AT last night’s meeting of Stonehaven and District Community Council, members heard reassurances from the team working to locate and design the replacement buildings for Dunnottar and Carronhill Schools – they said they were experienced and wanted to ‘get it right’.
Three representatives from Aberdeenshire Council’s learning estates team attended the meeting to kick off a consultation process likely to last most of this year. They said they wanted to start a conversation with all interested parties – parents, staff and pupils – to gain their comments and feedback.
Campus model preferred
Various options were looked at as sites for the new school buildings – as detailed in a report presented to the Kincardine and Mearns Area Committee last September (item 14).
At the moment, the preferred option is to build the two new schools within the grounds of Mackie Academy. This campus style model is already in place in Inverurie where St Andrew’s School for young people with additional support needs sits alongside the academy.
And in Peterhead, a similar approach will see the Anna Ritchie School join the academy in a new ‘state-of-the-art Peterhead Community Campus’ also including a 600-pupil primary school.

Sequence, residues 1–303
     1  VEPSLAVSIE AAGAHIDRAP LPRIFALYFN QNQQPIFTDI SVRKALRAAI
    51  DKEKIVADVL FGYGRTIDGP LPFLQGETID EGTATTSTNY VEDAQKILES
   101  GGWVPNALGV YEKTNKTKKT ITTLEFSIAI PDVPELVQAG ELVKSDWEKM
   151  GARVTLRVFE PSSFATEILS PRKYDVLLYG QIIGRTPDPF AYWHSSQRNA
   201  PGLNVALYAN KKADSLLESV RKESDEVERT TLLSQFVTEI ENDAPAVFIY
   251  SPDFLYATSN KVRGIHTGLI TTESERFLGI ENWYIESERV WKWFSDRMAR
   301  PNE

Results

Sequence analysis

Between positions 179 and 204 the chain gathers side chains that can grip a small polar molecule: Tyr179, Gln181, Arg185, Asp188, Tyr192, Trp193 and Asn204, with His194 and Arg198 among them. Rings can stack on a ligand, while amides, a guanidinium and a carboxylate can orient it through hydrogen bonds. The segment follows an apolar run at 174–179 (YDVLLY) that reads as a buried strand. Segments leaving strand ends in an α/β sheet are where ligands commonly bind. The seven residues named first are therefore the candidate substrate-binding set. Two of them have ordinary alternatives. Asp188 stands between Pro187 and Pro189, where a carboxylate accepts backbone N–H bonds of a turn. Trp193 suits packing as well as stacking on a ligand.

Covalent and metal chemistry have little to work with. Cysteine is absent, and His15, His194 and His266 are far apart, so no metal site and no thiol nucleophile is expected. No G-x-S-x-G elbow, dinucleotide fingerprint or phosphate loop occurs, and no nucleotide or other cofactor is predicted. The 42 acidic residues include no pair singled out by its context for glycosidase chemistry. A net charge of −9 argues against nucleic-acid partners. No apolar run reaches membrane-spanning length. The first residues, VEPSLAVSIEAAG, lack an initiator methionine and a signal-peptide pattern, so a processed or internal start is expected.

Early years estates manager Paul Whalley said the team would be willing to look at the other locations available to the local authority.
”We need to look at the size of what is needed to see if it can be accommodated on any of the other sites.”
But in response to a question from Raymond Christie, it was conceded one reason the campus model was preferred was it may help secure funding for the project.
Quality improvement manager Maxine Booth said: ”Funding is available through the Learning Estate Investment Programme, LEIP.
”We would be wanting to bid for the next phase of funding, which will be looking at a reduced carbon footprint and digital capability.
”The campus approach would help the bid gain funding – it would hit more of the criteria.”
Plea to ‘get it right’
Our community councillors took the opportunity to raise their immediate concerns about the proposals – would there still be scope to build a new secondary school on the site, how would parking needs be addressed, why was a new Carronhill needed, and would a campus be suitable for the children attending Carronhill School?
And Jim Stephen made a heartfelt plea that the learning estates team, ‘get it right’.
Ms Booth said the pupils from Carronhill School would benefit from their new facility.
”We have been able to say to the Anna Ritchie School parents that all their requests have been met in the design.”
And she said Stonehaven’s new schools would benefit from their experience gained at Inverurie and Peterhead.
”These projects don’t come along often. It’s a lot of money, so we do want to get it right,” she added.
Special meeting to be convened
While, as indicated, the learning estates team will be holding their own meetings with parents etc, SDCC agreed they would like to convene a special meeting with interested residents so they can hear all concerns and take these forward in their discussions. This meeting will be held in March.
Previously in The Bellman